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Harties Crime Statistics Up To 2013 - Part 6
Crime Statistics for Harties up to 2013 – Part 6
The crime statistics for the past 10 years for the whole of SA is annually made available on the SAPS website www.saps.gov.za and the database can be downloaded from there. It however consists of a vast amount of data which is difficult to comprehend, unless analysed or made visible in graphical form. The graphs below make the trends visible that are contained in the data. Due to the fact that only numbers of occurrences are given, it is very difficult to draw comparisons between different areas. Perhaps that is purposely reported such. One would need at least corresponding population figures – but that is difficult to obtain.
To somehow make comparison possible we have chosen to portray the data for the different crime categories for Harties, North West Province and the RSA together, so that at least a comparison about the trends could be made.
If the SAPS would allow more detailed scrutiny and analysis of the data, much more usable facts can be deduced that can be directly used in the fight against crime. The SAPS however jealously guards this data and even an official request on the prescribed forms to the SAPS to get access to the data for study purposes was not even found worthy of an answer by the relevant office.
The numbering of the crime categories below follows from the previous article in the series.
18. All theft not mentioned elsewhere
Figure 18a: Hartbeespoortdam
Figure 18b: North West Province
Fig 18c: Republic of South Africa
The decline in levels of theft for Hartbeespoort since 2008/09 is significant, probably due to good policing measures. The absolute numbers are however still high.
19. Commercial crime
Figure 19a: Hartbeespoortdam
Figure 19b: North West Province
Figure 19c: Republic of South Africa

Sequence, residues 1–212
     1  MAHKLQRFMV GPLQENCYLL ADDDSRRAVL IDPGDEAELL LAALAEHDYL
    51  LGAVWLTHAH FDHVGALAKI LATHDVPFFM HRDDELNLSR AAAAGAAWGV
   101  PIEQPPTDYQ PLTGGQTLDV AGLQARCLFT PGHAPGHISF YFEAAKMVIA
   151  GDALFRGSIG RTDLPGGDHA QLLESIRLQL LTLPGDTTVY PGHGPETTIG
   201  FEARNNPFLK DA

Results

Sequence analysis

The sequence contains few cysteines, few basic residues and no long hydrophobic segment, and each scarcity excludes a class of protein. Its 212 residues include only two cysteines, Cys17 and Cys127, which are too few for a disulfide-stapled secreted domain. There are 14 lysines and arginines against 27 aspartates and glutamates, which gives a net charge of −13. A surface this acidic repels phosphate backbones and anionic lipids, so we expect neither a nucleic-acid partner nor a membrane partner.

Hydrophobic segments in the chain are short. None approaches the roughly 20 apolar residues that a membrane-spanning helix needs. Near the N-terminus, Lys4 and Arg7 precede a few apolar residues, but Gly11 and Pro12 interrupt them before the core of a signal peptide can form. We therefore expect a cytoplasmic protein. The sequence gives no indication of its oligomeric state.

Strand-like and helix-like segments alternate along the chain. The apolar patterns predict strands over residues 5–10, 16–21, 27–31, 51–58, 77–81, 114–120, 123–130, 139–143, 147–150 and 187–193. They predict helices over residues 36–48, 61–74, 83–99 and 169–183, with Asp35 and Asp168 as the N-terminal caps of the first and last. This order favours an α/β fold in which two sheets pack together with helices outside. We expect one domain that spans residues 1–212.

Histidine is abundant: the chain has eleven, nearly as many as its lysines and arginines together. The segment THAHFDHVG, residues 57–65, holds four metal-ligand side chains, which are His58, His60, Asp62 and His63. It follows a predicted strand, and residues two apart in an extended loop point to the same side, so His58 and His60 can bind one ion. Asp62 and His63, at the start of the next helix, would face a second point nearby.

This type of crime is also on a steady increase in Hartbeespoort (as well as country wide) and should be analysed in more detail to see in what areas the growth is taking place. The SAPS do not have adequate mechanisms in place to control this crime. Presumably white-collar crime is included in this category.
Figure 20a: Hartbeespoortdam
Figure 20b: North West Province
Figure 20c: Republic of South Africa
The incidence of this petty crime is erratic in the Hartbeespoort data and no real trend is visible. It may seem that current control mechanisms are somewhat effective.
21. Car hijacking
Figure 21a: Hartbeespoort
Figure 21b: Nort West Province
Figure 21c: Republic of South Africa
No trend can be recognised in this data set for Harties. Fortunately the numbers are small but arguably this crime causes considerable financial loss and emotional trauma to the victims thereof.
22. Truck hijacking
Figure 22a: Hartbeespoortdam
Figure 22b: North West Province
Figure 22c: Republic of South Africa
The peak during 2006/07 for Hartbeespoort was significant, although the absolute numbers are still low. It may seem that measures have been introduced (possibly by fleet owners) to try and curb this crime.
23. Robbery at residential premises
Figure 23a: Hartbeespoortdam
Figure 23b: North West Province
Figure 23c: Republic of South Africa
The decline in this tendency since 2009 at Hartbeespoort is pleasing, and the functioning of the CSS may be a contributing factor. The rise for the 2012/13 year, although possibly not significant, is unexpected.
This set of articles was compiled to draw the attention of the public to the existence and value of the police crime statistics. Greater visibility will enhance our preparedness against crime, since we’ll become more aware of the realities of crime. The purpose of the SAPS “Community Policing” philosophy is to embrace the society and request their support in the fight against crime. The public can indeed be of great help to the police, of which the functioning of Community Watches is but one avenue.
The undersigned would gladly invite comments and suggestions from the reader on how we as a community/ society can further utilize crime statistics in our fight against crime.